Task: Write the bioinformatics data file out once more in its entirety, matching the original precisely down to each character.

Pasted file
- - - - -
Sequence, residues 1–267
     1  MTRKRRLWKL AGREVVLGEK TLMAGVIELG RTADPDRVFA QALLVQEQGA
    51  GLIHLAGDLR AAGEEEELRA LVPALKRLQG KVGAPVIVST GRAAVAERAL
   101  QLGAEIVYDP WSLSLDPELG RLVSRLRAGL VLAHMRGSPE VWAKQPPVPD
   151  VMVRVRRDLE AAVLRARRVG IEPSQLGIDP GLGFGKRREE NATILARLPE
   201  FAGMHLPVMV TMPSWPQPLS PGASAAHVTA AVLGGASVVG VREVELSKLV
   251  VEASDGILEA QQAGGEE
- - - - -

Sequence, residues 1–267
     1  MTRKRRLWKL AGREVVLGEK TLMAGVIELG RTADPDRVFA QALLVQEQGA
    51  GLIHLAGDLR AAGEEEELRA LVPALKRLQG KVGAPVIVST GRAAVAERAL
   101  QLGAEIVYDP WSLSLDPELG RLVSRLRAGL VLAHMRGSPE VWAKQPPVPD
   151  VMVRVRRDLE AAVLRARRVG IEPSQLGIDP GLGFGKRREE NATILARLPE
   201  FAGMHLPVMV TMPSWPQPLS PGASAAHVTA AVLGGASVVG VREVELSKLV
   251  VEASDGILEA QQAGGEE